We review new advances in volcano–ice interactions on Mars and focus additional attention on (1) recent analyses of the mechanisms of penetration of the cryosphere by dikes and sills; (2) documentation of the glacial origin of huge fan-shaped deposits on the northwest margins of the Tharis Montes and evidence for abundant volcano–ice interactions during the later Amazonian period of volcanic edifice construction and (3) the circumpolar Hesperian-aged Dorsa Argentea Formation, interpreted as an ice sheet and displaying marginal features (channels, lakes and eskers) indicative of significant melting and interior features interpreted to be due to volcano–ice interactions (e.g. subglacial volcanic edifices, pits, basins, channels and eskers). In this context, we describe and analyse several stages and types of volcano–ice interactions: (1) magmatic interactions with ice-rich parts of the cryosphere; (2) subglacial volcanism represented by intrusion under and into the ice and formation of dikes and moberg-like ridges, intrusion of sills at the glacier–volcano substrate interface and their evolution into subglacial lava flows, formation of subglacial edifices, marginal melting and channels; (3) synglacial (ice contact) volcanism represented by flows banking up against glacier margins, chilling and forming remnant ridges and (4) post-glacial volcanism and interactions with ice deposits.
We map polygonally patterned ground formed in sublimation tills that overlie debris-covered glaciers in Mullins Valley and central Beacon Valley, in southern Victoria Land, Antarctica, and distinguish five morphological zones. Where the Mullins Valley debris-covered glacier debouches into Beacon Valley, polygonal patterning transitions from radial (orthogonal) intersections to non-oriented (hexagonal) intersections, providing a time-series of polygon evolution within a single microclimate. We offer the following model for polygon formation and evolution in the Mullins Valley system. Near-vertical cracks that ultimately outline polygons are produced by thermal contraction in the glacier ice. Some of these cracks may initially be oriented radial to maximum surface velocities by pre-existing structural stresses and material weaknesses in the glacier ice. In areas of relatively rapid flow, polygons are oriented down-valley forming an overall fan pattern radial to maximum ice velocity. As glacier flow moves the cracks down-valley, minor variations in flow rate deform polygons, giving rise to deformed radial polygons. Non-oriented (largely hexagonal) polygons commonly form in regions of stagnant and/or near-stagnant ice. We propose that orientation and morphology of contraction-crack polygons in sublimation tills can thus be used as an indicator of rates of subsurface ice flow.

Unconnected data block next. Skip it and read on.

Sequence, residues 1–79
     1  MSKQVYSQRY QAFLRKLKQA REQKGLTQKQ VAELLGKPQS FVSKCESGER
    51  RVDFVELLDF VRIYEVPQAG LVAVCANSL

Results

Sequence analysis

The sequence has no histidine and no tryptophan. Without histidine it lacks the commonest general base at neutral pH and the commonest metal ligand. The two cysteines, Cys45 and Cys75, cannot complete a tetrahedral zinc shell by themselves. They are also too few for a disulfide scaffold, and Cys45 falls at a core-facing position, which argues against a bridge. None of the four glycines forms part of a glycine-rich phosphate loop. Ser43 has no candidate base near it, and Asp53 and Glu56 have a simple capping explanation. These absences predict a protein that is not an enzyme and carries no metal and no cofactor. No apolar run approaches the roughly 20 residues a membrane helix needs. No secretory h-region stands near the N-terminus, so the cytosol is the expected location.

Field experiments were conducted at Ashland Bottoms in northeastern Kansas and at Hays in western Kansas in 2001, 2002, and 2003 to determine the response of soil microbial and nematode communities to different herbicides and tillage practices under a glyphosate-resistant cropping system. Conventional herbicide treatments were a tank mixture of cloransulam plus S-metolachlor plus sulfentrazone for soybean and a commercially available mixture of acetochlor and atrazine for corn. Glyphosate was applied at 1.12 kg ai ha−1 when weeds were 10 or 20 cm tall in both corn and soybean. Soil samples were collected monthly at Ashland Bottoms during the growing period for soil microbial biomass (SMB) carbon determination. In addition, substrate-induced respiration (SIR) and BIOLOG substrate utilization were determined at the end of the growing season each year at Ashland Bottoms, and nematode populations were determined at the beginning and the end of the growing season at both sites. Direct effects of glyphosate rates on soil microbial and nematode communities were also studied in a controlled environment. Values for SMB carbon, SIR, and BIOLOG substrate utilization were not altered by glyphosate. Nematode community response to the glyphosate treatment was similar under both conventional tillage and no-till environments. Total nematode densities were similar with the glyphosate and conventional herbicide treatments. SMB carbon and BIOLOG substrate utilization did not differ between tillage treatments. Nematode densities were greater under conventional tillage than in the no-till system. This study showed that soil health when glyphosate was applied in a glyphosate-resistant cropping system was similar to that of cropping systems that used conventional herbicides.